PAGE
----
• Inner Thigh (TUG). Another newer option, the Transverse Upper Gracilis (TUG) Flap, uses muscle and fatty tissue from the bottom of the buttocks to the inner thigh. TUG Flap Surgery, which isn't available everywhere, may be an option for women whose thighs touch and who have small to medium-sized breasts.

Because adequate blood supply is critical to the survival of transplanted tissue in Flap surgery, Mr Khan may prefer not to perform a Pedicle Flap procedure if you're a smoker or if you have diabetes, vascular disease or a connective tissue disorder. If you smoke, you may be asked to quit for 4-6 weeks before your surgery. Also, obesity may preclude you from having a Pedicle TRAM flap.

In general, Flap Breast Reconstruction Surgery is more extensive than is Mastectomy or Implant Reconstruction. Flap procedures result in larger incisions that take longer to heal, so they require a longer recovery period and may require a longer hospital stay.

In general, Flap Breast Reconstruction Surgery is more extensive than is Mastectomy or Implant Reconstruction. Flap procedures result in larger incisions that take longer to heal, so they require a longer recovery period and may require a longer hospital stay.

Nipple Reconstruction

Breast Reconstruction may also entail reconstruction of your nipple, if you choose, including tattooing to define the dark area of skin surrounding your nipple (Areola).

Recovery after the Breast Reconstruction Surgery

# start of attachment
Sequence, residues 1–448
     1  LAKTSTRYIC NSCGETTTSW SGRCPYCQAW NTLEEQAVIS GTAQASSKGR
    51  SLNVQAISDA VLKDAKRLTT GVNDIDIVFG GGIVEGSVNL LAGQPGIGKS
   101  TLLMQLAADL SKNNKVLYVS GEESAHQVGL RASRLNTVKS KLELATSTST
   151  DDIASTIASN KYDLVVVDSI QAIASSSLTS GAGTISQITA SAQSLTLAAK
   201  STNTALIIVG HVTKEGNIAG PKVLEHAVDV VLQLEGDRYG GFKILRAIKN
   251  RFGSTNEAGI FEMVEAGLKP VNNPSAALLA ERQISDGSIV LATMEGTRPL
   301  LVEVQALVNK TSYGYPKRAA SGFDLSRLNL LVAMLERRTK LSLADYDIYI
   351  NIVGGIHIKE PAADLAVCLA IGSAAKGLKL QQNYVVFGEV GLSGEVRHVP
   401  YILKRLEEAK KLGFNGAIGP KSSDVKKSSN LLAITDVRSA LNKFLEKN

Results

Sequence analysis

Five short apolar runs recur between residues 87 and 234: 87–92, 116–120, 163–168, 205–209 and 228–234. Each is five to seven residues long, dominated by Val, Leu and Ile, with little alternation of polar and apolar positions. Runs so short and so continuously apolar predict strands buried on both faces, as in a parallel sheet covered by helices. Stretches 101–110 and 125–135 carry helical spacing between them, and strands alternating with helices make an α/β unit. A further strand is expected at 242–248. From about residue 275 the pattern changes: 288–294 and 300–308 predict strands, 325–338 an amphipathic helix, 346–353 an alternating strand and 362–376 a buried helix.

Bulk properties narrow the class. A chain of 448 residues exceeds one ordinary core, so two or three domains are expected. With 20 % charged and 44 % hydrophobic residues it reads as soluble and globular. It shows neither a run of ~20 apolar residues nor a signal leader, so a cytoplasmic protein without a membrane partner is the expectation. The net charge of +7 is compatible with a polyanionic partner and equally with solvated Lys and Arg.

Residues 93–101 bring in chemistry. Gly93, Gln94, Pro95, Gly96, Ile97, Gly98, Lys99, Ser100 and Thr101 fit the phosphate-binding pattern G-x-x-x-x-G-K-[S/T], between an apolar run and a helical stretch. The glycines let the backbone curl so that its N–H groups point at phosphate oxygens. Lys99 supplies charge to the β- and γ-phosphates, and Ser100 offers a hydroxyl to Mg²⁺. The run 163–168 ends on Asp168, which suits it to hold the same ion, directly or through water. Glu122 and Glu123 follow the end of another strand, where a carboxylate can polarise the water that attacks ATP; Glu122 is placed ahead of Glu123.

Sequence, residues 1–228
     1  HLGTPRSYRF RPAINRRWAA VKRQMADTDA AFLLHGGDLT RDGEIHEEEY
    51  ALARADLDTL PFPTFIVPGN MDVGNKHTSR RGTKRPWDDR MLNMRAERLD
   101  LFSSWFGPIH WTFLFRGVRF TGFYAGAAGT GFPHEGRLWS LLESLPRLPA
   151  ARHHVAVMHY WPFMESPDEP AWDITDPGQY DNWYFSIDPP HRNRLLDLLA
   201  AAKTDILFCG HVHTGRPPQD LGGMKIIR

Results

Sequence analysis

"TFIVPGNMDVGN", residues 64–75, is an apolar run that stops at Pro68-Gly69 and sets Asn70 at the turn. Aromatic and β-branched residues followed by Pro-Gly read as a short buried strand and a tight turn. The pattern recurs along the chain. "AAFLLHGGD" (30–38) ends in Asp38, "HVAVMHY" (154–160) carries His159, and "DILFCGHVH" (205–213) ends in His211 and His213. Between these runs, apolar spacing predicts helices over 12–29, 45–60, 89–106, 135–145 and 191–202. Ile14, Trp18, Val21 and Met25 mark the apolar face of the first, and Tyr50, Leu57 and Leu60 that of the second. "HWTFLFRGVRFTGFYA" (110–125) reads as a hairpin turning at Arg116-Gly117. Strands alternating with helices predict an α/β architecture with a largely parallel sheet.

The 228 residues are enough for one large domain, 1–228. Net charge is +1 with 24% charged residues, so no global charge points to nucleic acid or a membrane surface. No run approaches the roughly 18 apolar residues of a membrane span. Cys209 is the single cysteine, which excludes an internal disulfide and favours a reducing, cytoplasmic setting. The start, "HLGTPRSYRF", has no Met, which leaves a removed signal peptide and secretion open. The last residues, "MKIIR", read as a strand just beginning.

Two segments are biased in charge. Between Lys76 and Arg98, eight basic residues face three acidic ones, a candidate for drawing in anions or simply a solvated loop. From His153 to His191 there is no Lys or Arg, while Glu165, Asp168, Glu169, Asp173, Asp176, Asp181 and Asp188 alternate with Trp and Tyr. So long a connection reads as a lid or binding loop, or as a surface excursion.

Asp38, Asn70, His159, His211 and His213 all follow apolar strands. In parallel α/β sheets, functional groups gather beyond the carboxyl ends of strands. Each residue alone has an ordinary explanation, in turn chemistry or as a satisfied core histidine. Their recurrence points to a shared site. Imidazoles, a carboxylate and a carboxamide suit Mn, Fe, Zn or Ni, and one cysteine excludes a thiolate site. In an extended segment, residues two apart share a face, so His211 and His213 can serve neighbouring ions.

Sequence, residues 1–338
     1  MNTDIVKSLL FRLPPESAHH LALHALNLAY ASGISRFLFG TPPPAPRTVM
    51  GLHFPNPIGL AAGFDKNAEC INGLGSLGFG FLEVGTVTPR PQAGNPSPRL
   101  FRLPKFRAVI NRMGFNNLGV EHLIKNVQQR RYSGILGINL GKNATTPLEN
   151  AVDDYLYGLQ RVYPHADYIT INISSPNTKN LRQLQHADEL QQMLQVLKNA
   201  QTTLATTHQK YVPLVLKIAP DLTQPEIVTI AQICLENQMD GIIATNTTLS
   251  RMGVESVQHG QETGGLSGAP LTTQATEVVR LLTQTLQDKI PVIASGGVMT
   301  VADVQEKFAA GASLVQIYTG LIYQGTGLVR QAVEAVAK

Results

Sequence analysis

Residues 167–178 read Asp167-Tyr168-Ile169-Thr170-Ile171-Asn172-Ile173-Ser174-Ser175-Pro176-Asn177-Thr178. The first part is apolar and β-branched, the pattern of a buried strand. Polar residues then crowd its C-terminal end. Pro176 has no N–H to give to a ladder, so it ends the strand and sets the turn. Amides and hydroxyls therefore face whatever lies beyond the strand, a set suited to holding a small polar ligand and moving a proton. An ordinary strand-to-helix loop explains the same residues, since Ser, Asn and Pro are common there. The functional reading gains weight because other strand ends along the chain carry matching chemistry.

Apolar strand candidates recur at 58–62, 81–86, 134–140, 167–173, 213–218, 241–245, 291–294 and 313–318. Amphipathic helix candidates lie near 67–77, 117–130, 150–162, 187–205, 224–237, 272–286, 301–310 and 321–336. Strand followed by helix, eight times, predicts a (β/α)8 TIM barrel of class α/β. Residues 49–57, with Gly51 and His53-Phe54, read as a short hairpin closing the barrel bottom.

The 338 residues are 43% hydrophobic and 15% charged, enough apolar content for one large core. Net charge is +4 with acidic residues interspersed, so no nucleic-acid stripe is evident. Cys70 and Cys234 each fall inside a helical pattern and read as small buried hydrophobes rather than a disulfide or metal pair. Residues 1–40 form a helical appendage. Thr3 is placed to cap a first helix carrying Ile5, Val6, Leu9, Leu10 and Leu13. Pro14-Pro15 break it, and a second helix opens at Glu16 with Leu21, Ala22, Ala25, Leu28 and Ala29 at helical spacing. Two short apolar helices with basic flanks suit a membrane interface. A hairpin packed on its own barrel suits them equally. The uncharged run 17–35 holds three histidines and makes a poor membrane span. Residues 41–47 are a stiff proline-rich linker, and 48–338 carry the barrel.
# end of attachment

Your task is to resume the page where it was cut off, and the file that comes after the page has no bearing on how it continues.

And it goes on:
You’re likely to feel tired and sore for a week or 2 after Implant Surgery, and longer after Flap procedures (which will leave you with 2 surgical wounds). Mr Khan will give you medicines to help control pain and other discomfort.

Depending on the type of surgery you have, you will most likely be able to go home from the hospital within a few days. You may be discharged with one or more drains in place. A drain is a small tube that’s put in the wound to remove extra fluid from the surgery site while it heals. In most cases, fluid drains into a little hollow ball that you’ll learn how to empty before you leave the hospital. You must follow Mr Khan's instructions on wound and drain care. Also be sure to ask what kind of support garments you should wear. If you have any concerns or questions, ask Mr Khan or nurse.

You'll also have stitches (sutures) after your surgery. They'll probably be absorbable sutures, though, so you won't need to have them removed. Scarring is permanent, but the scars generally fade over time.

Getting back to normal activities may take up to six weeks or more. Mr Khan will let you know of any restrictions to your activities, such as avoiding overhead lifting or strenuous physical activities. Don't be surprised if it seems to take a long time to bounce back from surgery — some women report that it takes as long as a year or two before feeling completely healed and back to normal.